By: Mohammed Moinudheen | Last Updated: 2012-01-26 | Comments (16) | Replication
I have transactional replication configured in my production environment. It appears the subscriber data is quite far behind from the publisher database. What are the ways we can identify how far behind the subscriber is for replication?
To find out what still needs to be replicated, we could use both Replication Monitor as well as T-SQL commands to find out how what needs to be replicated to the subscriber database. Both options assume transactional replication is already configured in your environment.
Option 1: Using Replication Monitor
In SQL Server Management Studio (SSMS), navigate to Replication and right click and select 'Launch Replication Monitor'. Go to your listed server and expand it. Click on your publication and on the right side pane under the 'All Subscriptions' tab, go to your subscription and double click on it. Once done, you would see this window.
From this window, you could see the details of the activities that are occurring between the 'publisher-distributor' and 'distributor-subscriber' combinations. Click on the respective tabs to check the status of replication. If there are any replication commands that remain to be applied at the subscriber from the distribution database you would see the details in the 'Undistributed commands'. From this tab, you would get an idea of estimated time remaining to apply commands at the subscriber. Below is a sample screenshot.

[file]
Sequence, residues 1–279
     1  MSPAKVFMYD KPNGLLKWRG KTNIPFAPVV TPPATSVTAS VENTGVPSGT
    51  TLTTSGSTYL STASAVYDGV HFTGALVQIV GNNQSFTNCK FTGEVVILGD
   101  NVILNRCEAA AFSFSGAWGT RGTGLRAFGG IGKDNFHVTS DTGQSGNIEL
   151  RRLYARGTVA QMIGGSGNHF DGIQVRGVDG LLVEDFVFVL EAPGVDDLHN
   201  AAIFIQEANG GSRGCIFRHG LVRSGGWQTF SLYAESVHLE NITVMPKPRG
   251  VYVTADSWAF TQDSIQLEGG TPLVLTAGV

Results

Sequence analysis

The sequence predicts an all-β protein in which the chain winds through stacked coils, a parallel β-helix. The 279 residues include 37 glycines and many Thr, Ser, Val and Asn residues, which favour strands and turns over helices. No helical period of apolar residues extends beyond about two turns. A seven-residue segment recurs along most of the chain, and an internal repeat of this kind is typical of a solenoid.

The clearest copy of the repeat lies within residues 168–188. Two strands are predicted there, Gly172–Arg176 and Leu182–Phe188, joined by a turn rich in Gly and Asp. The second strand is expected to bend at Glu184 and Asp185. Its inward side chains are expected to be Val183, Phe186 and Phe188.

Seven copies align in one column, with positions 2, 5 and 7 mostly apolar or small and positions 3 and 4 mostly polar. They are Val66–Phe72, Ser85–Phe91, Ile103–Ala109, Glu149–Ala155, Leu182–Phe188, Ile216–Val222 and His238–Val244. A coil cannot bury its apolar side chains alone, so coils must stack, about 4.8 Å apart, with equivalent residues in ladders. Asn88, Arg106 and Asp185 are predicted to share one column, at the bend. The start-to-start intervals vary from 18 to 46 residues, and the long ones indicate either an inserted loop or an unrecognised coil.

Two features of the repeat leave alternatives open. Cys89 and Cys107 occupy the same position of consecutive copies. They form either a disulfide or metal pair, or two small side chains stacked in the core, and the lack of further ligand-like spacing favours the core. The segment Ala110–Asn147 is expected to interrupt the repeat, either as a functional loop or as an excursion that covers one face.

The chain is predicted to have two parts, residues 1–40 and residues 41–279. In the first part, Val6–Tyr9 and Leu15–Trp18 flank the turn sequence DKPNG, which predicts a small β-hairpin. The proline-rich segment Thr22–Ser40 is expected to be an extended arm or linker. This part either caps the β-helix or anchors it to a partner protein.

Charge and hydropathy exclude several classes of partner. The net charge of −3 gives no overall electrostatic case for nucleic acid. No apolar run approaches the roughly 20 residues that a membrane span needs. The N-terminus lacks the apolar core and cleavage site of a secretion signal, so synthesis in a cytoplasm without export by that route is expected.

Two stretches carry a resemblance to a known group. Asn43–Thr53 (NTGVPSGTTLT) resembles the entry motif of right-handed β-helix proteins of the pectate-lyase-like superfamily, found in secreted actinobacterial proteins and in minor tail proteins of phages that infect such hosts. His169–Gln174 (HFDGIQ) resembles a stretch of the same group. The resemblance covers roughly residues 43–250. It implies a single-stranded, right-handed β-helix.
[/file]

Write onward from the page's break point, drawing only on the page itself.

Replication Monitor gives you this simple interface to identify any issues you may face with your replication configuration. For more details related to replication latency, we could use some replication commands as shown below.
Option 2: Using Replication commands
Run this on publisher database
To check if replication is fine, we could run sp_repltrans on the publisher database. This displays the undistributed commands present in the publisher database. If your log reader agent is scheduled to run continuously and if this command returns no rows, replication is fine on the publisher side. However, if your log reader agent is scheduled to run at intervals and there are changes that need to be sent to the distribution database, you would see rows returned when you execute (during the interval) this procedure which shows the LSNs of the transactions. See sample screenshot below.
On a busy server, if the log reader agent is running continuously, the rows that are returned after executing sp_repltrans would be constantly changing based on the load. By using this procedure, you wouldn't get the exact command that is pending but you would get an idea on the progress that is happening in your replication environment.
Run this on distribution database
The distribution database contains the system tables - MSrepl_commands and MSrepl_transactions which contain details of the replicated commands. Here is a sample output of a select query on these system tables.
select * from distribution.dbo.MSrepl_commands select * from distribution.dbo.MSrepl_transactions